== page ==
Richard Burr

Richard Burr
Richard Burr official portrait.jpg
United States Senator
from North Carolina
Assumed office
January 3, 2005
Serving with Thom Tillis
Preceded byJohn Edwards
Ranking Member of the Senate Health, Education, Labor and Pensions Committee
Assumed office
February 3, 2021
Preceded byPatty Murray
Chairman of the Senate Intelligence Committee
In office
January 3, 2015 – May 15, 2020
Preceded byDianne Feinstein
Succeeded byMarco Rubio (acting)
Member of the U.S. House of Representatives
from North Carolina's 5th district
In office
January 3, 1995 – January 3, 2005
Preceded byStephen L. Neal
Succeeded byVirginia Foxx
Personal details
Richard Mauze Burr

(1955-11-30) November 30, 1955 (age 65)
Charlottesville, Virginia, U.S.
Political partyRepublican
Brooke Fauth
(m. 1984)
EducationWake Forest University (BA)
WebsiteSenate website

Richard Mauze Burr (born November 30, 1955) is an American politician serving as the senior United States Senator from North Carolina, serving since 2005. A member of the Republican Party, Burr was previously a member of the United States House of Representatives. He is the dean of the North Carolina congressional delegation.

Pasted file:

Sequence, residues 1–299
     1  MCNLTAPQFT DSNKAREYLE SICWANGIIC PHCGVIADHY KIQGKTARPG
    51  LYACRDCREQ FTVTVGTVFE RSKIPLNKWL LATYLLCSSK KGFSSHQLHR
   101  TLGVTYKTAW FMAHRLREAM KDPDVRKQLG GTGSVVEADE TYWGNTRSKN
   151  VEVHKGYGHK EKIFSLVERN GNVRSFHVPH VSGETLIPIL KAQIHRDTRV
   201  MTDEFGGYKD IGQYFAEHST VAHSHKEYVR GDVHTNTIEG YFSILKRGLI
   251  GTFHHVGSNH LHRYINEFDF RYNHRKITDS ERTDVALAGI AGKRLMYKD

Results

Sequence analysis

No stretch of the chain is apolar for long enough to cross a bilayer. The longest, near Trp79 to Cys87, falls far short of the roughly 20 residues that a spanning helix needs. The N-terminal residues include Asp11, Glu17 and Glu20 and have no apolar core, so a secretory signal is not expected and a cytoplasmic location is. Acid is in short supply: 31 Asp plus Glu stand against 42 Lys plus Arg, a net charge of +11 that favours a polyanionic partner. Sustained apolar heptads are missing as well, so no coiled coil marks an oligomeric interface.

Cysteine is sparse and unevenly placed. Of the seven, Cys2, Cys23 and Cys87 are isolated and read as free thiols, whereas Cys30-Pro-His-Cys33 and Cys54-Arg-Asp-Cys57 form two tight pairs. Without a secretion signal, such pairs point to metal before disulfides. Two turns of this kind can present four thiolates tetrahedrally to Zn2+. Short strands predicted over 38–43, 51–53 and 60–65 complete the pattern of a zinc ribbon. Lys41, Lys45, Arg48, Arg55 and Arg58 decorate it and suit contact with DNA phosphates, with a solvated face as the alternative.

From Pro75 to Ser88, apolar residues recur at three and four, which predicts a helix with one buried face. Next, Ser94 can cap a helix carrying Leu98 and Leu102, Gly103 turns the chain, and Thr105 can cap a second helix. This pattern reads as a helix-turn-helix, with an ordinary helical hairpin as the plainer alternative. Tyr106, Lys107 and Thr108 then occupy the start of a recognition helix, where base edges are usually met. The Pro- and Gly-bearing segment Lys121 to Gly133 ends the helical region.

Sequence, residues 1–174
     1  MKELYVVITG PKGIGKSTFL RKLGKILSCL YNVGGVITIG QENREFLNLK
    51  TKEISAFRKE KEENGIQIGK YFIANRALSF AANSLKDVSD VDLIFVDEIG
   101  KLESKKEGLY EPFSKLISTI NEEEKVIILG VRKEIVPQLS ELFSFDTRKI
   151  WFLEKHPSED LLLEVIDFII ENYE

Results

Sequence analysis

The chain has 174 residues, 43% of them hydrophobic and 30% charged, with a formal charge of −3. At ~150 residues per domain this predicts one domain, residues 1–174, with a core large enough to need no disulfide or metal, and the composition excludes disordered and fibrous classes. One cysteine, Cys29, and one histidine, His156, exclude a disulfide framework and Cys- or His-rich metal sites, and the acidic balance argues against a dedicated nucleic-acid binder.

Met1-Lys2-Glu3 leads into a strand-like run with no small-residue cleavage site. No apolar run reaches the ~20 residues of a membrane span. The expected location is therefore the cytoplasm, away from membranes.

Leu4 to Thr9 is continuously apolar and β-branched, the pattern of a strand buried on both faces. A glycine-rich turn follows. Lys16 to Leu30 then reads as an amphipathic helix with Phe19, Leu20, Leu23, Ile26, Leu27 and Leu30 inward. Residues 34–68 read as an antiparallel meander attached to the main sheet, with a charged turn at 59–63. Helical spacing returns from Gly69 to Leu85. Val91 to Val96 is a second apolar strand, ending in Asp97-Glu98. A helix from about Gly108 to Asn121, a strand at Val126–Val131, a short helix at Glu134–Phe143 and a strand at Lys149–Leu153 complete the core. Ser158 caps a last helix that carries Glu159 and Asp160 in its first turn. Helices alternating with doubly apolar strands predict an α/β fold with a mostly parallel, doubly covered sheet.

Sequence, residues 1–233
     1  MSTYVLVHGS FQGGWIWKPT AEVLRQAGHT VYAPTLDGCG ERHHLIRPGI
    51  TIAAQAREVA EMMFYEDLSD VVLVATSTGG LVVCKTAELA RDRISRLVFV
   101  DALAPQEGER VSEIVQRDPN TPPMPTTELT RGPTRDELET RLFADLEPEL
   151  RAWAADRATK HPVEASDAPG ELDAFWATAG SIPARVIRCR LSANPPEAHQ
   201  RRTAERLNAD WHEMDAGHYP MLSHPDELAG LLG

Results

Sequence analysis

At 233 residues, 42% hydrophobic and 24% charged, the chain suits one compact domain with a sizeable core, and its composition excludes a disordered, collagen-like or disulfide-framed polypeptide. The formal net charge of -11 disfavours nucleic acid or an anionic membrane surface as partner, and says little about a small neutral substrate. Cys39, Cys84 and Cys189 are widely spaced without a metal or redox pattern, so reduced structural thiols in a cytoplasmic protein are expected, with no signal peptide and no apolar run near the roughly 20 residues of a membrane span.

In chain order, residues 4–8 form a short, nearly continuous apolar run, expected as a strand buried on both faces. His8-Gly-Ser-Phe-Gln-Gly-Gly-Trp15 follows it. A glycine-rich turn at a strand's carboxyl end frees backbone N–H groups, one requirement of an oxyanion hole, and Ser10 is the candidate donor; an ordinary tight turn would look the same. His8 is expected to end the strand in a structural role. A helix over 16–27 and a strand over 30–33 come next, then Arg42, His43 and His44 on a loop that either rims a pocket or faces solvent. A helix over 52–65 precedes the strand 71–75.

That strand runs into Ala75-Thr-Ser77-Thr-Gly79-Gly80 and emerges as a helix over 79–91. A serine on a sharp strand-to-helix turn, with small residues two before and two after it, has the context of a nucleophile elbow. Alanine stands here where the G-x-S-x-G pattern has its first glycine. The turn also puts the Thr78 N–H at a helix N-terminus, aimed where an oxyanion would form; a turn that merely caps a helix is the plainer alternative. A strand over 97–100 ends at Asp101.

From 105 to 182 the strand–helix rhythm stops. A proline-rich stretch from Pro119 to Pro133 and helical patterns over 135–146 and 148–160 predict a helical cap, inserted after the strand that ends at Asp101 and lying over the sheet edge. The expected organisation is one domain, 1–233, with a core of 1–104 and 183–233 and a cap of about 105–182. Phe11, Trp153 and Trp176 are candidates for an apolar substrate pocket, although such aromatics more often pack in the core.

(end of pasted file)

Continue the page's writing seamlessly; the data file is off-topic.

Born in Charlottesville, Virginia, Burr is a graduate of Wake Forest University. Prior to seeking elected office, Burr was a sales manager for a lawn equipment company.[1] In 1994 he was elected to the U.S. House of Representatives for North Carolina's 5th congressional district as part of the Republican Revolution.

Burr was first elected to the United States Senate in 2004. From 2015 to 2020, Burr served as the Chair of the Senate Intelligence Committee. In 2016, he announced that he would not be seeking reelection in 2022.[2] Burr temporarily stepped down as chair of the Senate Intelligence Committee on May 15, 2020, amid an FBI investigation into allegations of insider trading during the COVID-19 pandemic.[3] On January 19, 2021, the Department of Justice announced that the investigation had been closed, with no charges against Burr.[4]

Burr was one of seven Republican Senators to vote to convict Donald Trump of incitement of insurrection in his second impeachment trial.[5]

  1. ^ Cite error: The named reference :2 was invoked but never defined (see the help page).
  2. ^ Campbell, Colin (July 20, 2016). "US Sen. Richard Burr says 2016 will be his last run for elected office". The Charlotte Observer.
  3. ^ Herb, Jeremy; Raju, Manu; Zaslav, Ali (May 14, 2020). "Richard Burr to step down as Intelligence Committee chairman". CNN. Retrieved September 20, 2020.
  4. ^ Fandos, Nicholas; Benner, Katie (January 20, 2021). "Justice Dept. Ends Stock Trade Inquiry Into Richard Burr Without Charges" – via
  5. ^ Murphy, Brian (February 13, 2021). "Burr votes guilty in Trump impeachment trial, Tillis votes not guilty". The News & Observer.

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